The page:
There is some opposition to this measure—but I’m not sure it will have that much effect.  There is Jose Granda—who has unsuccessfully opposed all of the parcel taxes.  There is Beth Bourne, who is angry at the school district for reasons that have nothing to do with the parcel tax.  And then there was the IE sent out last week by Michael Harrington.

The school district’s finances are increasingly problematic.  The parcel tax won’t solve that problem, but it will prevent things from getting worse.

The Enterprise editorial takes on several key issues.

They note that Measure N would be permanent.

They argue: “The change makes sense. In the age of the Local Control Funding Formula, parcel taxes have become a necessary supplement for a school district with Davis’ demographics, and the only way to fund the programs we expect for our students. Parcel taxes used to be for four years; Measure H was for eight. The need to renew became a source of uncertainty in long-term planning and making it more permanent will allow the district to plan ahead, subject to the ultimate authority of the voters.”

They also address the issue of the aging population arguing, “EVEN IF YOU don’t have kids in school, Measure N is a benefit.”

As they point out: “The median home price in Yolo County is $608,000. In Solano County, it’s $545,000. Davis? $810,000. Remember what we said about the No. 1 reason to live here? It’s also the first thing real estate agents tell potential buyers.”

The school district and the community still need to figure out how to remain solvent in the long term.  I have been warning about this for some time.  We will see what happens in March.

About The Author

David Greenwald is the founder, editor, and executive director of the Davis Vanguard. He founded the Vanguard in 2006. David Greenwald moved to Davis in 1996 to attend Graduate School at UC Davis in Political Science. He lives in South Davis with his wife Cecilia Escamilla Greenwald and three children.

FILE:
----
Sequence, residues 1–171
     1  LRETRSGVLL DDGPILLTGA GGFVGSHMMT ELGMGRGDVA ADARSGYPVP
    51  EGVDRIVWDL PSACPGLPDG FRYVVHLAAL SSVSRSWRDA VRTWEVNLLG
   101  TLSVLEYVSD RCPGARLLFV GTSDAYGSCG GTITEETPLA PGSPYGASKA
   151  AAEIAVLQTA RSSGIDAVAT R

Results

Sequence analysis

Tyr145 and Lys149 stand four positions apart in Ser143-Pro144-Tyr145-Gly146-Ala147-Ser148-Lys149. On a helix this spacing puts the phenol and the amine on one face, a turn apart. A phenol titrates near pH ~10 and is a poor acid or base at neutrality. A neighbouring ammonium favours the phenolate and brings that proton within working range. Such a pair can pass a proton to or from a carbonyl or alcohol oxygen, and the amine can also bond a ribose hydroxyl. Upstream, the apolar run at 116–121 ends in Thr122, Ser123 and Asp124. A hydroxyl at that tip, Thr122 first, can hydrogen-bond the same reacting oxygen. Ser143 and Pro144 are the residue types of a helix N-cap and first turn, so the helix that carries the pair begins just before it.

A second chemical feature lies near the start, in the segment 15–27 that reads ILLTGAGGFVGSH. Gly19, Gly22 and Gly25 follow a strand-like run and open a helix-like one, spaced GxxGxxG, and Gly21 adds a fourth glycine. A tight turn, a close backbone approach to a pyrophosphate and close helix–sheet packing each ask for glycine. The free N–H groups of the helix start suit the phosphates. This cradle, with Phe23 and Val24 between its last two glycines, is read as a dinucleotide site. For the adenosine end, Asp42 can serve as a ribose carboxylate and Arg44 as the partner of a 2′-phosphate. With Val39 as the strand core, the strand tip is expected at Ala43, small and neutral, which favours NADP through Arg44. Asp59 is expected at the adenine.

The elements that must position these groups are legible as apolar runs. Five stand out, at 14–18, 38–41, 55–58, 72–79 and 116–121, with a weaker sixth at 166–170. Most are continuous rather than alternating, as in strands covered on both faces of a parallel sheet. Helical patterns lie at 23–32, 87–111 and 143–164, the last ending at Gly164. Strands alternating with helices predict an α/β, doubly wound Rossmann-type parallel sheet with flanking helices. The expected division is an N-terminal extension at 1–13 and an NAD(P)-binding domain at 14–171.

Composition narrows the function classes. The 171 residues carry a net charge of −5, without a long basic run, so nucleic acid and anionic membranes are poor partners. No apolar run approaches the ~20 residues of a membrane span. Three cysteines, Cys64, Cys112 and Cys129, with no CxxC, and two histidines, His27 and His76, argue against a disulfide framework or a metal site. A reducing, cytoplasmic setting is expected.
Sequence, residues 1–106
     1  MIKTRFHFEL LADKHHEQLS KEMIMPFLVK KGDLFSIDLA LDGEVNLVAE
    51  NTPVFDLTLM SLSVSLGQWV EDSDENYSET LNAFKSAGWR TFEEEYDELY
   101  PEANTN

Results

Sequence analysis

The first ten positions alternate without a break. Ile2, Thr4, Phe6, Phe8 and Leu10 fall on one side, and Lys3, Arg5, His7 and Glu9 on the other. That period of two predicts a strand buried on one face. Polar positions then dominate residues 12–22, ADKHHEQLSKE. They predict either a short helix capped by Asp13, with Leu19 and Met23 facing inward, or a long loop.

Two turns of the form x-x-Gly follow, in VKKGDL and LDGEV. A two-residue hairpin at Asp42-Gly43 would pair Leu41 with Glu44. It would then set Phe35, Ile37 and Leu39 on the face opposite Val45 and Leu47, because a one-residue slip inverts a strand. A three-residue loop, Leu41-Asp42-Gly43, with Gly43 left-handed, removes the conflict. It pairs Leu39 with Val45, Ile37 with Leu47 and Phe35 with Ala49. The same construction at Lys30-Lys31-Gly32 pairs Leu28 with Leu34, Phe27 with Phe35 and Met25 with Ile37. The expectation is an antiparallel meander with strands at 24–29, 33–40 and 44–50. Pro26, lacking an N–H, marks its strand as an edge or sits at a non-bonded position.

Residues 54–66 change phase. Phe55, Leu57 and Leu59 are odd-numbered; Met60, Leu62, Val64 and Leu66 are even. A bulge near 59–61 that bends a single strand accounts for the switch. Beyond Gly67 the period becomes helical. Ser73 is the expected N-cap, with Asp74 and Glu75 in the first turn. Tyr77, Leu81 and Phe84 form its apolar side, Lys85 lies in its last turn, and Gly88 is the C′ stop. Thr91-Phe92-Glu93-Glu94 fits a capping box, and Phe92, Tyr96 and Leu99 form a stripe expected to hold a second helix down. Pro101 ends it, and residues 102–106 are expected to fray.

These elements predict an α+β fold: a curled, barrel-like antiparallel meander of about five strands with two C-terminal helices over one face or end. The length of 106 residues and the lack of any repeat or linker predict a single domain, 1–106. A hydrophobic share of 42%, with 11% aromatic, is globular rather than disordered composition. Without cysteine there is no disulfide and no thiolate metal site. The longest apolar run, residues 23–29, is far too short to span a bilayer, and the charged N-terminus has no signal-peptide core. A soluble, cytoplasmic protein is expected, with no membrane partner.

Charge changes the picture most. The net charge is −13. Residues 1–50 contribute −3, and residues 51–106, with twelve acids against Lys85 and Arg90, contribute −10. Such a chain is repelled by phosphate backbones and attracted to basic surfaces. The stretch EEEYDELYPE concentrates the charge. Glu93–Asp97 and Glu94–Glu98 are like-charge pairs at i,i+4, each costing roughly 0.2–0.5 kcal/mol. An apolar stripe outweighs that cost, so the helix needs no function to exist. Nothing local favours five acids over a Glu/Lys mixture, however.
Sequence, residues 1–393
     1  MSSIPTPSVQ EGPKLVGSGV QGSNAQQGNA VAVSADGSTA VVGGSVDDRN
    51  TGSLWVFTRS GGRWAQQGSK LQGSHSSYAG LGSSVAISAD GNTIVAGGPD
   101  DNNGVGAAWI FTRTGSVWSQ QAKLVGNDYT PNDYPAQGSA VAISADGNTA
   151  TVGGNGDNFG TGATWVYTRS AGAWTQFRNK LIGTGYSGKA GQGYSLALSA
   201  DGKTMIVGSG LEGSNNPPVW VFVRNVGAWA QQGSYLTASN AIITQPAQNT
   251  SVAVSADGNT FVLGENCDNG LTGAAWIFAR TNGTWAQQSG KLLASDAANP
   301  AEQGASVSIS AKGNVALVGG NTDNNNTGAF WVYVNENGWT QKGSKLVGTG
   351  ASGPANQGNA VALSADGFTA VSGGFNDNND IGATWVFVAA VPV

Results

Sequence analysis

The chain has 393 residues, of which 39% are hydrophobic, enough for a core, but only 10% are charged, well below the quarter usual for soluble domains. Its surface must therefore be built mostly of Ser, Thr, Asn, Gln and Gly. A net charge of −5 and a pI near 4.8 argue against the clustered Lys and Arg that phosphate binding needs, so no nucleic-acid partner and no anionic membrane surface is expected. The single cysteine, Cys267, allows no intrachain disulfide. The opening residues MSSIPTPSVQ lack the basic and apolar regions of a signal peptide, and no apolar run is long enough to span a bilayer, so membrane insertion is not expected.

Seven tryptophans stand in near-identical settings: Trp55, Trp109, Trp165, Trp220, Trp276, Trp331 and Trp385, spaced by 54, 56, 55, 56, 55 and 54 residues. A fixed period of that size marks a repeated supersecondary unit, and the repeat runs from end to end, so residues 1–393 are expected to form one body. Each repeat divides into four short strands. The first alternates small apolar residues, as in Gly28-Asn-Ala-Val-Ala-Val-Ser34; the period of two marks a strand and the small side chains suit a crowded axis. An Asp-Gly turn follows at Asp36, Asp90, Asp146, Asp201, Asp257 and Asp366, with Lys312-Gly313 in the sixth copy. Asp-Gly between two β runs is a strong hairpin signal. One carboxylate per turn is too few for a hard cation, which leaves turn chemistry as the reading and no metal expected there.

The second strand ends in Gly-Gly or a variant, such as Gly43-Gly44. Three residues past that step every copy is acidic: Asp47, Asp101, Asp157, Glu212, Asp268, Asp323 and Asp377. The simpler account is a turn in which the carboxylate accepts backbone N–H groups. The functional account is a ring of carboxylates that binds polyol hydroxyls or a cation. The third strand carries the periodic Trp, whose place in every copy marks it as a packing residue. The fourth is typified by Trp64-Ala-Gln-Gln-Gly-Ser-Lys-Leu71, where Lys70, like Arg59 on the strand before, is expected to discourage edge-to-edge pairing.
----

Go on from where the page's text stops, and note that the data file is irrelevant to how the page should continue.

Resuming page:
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1 Comment

  1. Walter Shwe

    Local Moms for Liberty zealot Beth Bourne and her Davis followers ultimately want to cripple Davis public schools so public education funding can go to completely unaccountable private schools that will  indoctrinate students in right wing propaganda, hate mongering and lies. In other words, the scenario they deeply desire amounts to private school welfare. The data has shown that the majority of private school vouchers go to wealthy families that are already sending their children to private schools. Just say No to the opponents of Measure N.

    School vouchers now going to more wealthy, private school students, study says

    Students who use private school vouchers in Ohio are coming from wealthier families than previous voucher recipients and are more likely to have attended a private school before getting a voucher, a new study from the Ohio Education Policy Institute suggests.

    State and local experience proves school vouchers are a failed policy that must be opposed

    Vouchers represent a redistribution of public funding to private entities that leads to fewer funds available for public goods.

    Vouchers benefit the wealthy at the expense of low-income and rural communities.

    Vouchers are rooted in racism and fund racial, ableist, anti-LGBTQ, and religious discrimination.

    Unlike public schools, private school voucher programs lack accountability and oversight.